Monday, April 27, 2009

Asparagus Does Not Like Waterlogged Soils

Asparagus is a very interesting and exciting perennial vegetable crop. I have to admit, everything I learn about asparagus is new to me, but luckily we have some great asparagus growers here in WNC. Danny McConnell, a grower in Henderson County, was featured prominently in a recent article, Dana Farmer Spears New Market, in the Times-News.

On a recent visit to another area farm, we noticed that the asparagus crowns were wilting (see pictures below). The wilting spears were also hollowed out. The first thing that we noticed was the lack of internal drainage of the soil where the crowns were planted. The soil was very moist and from the reading I had done, I remembered that asparagus prefers well-drained soils.

Because of the wilting, I was tipped off that there was something going on underground. Upon digging into the soil, we noticed it was still very wet from the recent rains. There were also pillbugs or sowbugs present signaling very moist conditions. Luckily, at this point, the roots did not appear brown or unhealthy.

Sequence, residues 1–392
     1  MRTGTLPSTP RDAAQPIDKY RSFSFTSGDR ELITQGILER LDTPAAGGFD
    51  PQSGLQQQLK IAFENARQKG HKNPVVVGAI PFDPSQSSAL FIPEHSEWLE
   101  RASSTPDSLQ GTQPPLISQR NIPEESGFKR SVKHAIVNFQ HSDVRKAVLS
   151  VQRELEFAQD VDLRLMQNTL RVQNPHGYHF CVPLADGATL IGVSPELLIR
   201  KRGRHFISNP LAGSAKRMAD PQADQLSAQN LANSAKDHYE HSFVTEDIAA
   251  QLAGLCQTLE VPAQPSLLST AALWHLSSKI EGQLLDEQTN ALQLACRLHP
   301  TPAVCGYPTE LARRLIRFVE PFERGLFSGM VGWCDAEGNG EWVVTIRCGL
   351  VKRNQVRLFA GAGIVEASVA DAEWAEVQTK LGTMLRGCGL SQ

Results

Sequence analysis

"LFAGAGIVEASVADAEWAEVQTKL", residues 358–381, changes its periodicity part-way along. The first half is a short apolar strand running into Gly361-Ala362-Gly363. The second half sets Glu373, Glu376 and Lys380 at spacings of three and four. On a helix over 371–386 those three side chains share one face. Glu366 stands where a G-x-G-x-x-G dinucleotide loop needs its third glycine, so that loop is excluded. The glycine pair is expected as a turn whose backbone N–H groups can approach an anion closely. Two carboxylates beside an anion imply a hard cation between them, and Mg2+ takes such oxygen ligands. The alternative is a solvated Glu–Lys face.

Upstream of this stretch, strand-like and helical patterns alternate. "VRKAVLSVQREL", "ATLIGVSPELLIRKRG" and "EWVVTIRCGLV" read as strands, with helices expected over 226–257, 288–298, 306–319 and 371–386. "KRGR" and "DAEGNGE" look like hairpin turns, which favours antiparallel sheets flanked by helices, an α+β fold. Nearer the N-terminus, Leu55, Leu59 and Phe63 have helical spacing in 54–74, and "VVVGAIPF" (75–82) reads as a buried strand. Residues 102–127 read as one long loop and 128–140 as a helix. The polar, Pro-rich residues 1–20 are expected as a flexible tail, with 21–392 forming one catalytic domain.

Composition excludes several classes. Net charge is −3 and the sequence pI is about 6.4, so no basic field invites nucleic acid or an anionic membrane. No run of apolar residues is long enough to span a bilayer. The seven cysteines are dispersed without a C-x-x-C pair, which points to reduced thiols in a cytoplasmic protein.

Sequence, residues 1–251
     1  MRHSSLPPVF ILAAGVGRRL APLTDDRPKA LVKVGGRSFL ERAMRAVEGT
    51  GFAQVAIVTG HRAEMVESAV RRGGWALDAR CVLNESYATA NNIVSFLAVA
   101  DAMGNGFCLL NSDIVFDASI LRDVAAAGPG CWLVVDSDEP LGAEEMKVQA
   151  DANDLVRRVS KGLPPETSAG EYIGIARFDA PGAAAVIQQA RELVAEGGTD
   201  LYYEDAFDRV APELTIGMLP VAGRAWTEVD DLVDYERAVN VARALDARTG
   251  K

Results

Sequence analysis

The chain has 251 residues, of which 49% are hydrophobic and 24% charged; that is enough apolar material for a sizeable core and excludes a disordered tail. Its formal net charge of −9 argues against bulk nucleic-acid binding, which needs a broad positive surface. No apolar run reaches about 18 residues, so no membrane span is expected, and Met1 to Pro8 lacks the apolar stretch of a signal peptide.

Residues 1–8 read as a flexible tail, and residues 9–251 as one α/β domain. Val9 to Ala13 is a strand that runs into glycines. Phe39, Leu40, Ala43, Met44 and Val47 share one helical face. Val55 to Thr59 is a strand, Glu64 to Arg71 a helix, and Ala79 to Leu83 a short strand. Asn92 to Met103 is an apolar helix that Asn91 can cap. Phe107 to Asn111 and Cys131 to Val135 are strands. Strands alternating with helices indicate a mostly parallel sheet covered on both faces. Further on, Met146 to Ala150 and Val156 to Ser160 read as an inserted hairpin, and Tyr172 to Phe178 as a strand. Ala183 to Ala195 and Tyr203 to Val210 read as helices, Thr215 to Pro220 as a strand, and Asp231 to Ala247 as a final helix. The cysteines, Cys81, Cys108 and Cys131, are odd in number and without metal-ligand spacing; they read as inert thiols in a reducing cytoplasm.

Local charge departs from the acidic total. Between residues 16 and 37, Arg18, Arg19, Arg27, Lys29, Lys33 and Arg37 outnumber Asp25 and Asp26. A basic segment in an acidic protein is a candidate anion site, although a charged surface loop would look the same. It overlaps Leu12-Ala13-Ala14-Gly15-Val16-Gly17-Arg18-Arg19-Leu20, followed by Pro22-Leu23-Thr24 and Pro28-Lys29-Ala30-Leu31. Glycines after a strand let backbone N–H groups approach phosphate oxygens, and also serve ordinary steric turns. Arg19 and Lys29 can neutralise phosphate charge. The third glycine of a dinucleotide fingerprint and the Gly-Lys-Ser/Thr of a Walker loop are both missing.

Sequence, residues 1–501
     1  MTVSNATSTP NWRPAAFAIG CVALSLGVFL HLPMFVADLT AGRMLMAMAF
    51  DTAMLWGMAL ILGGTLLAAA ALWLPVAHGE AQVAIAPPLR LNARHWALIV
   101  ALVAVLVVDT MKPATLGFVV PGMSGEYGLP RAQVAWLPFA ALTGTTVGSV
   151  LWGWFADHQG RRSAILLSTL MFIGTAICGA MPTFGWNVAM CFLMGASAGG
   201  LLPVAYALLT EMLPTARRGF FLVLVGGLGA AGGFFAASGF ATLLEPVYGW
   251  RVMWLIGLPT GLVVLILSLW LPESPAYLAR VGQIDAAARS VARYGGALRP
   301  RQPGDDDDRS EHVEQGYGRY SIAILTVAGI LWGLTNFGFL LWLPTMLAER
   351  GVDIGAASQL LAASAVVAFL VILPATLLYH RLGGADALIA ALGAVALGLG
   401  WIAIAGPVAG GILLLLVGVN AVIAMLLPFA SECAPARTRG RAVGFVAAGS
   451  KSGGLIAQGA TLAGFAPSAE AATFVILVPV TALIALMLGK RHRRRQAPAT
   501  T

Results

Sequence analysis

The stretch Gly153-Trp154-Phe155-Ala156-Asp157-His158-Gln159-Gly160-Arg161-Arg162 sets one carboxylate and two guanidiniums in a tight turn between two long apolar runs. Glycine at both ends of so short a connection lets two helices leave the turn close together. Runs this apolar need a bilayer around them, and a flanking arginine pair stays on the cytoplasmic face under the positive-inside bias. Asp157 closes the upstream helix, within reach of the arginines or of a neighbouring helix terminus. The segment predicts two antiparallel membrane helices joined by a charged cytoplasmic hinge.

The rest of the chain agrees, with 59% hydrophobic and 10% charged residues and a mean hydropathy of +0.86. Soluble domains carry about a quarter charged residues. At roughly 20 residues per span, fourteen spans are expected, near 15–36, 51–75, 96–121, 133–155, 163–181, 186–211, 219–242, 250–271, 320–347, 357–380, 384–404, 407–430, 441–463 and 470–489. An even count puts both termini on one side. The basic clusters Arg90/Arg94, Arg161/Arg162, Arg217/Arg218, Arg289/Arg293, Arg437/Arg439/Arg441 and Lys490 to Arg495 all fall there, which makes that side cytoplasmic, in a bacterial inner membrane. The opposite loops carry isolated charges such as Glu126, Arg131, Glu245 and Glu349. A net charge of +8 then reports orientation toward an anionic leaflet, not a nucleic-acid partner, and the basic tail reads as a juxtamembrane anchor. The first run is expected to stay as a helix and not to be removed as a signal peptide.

In order to learn more about this problem, I contacted another extension agent in Granville and Person Counties, Carl Cantaluppi (yes, indeed another Italian-American ag agent in NC- its an underground organization. I've already said too much). Carl has a lot of experience with asparagus and even authored and excellent factsheet from Ohio State Univeristy, Growing Asparagus in the Home Garden. After I explained the situation, Carl knew the cause.

The spears were in fact wilting because of the waterlogged soils. Excess nitrogen will only exacerbate the problem. Waterlogged soils will also lead to Fusarium root rot.

So what could this grower do?
  • Let the soil dry out, the plants will recover slightly
  • Do not replant the established crowns because they will become quite stressed resulting in crown death
  • For the recently planted (within the last month) crowns, transplant into raised beds or amend the soil with sand to improve the soil's internal drainage
Ultimately, because asparagus is a long-lived perennial, starting out with the correct soil conditions is key. Get your soil tested to determine phosphorous and potassium needs and to determine the pH. Asparagus requires a soil pH or 6.5-7.5.

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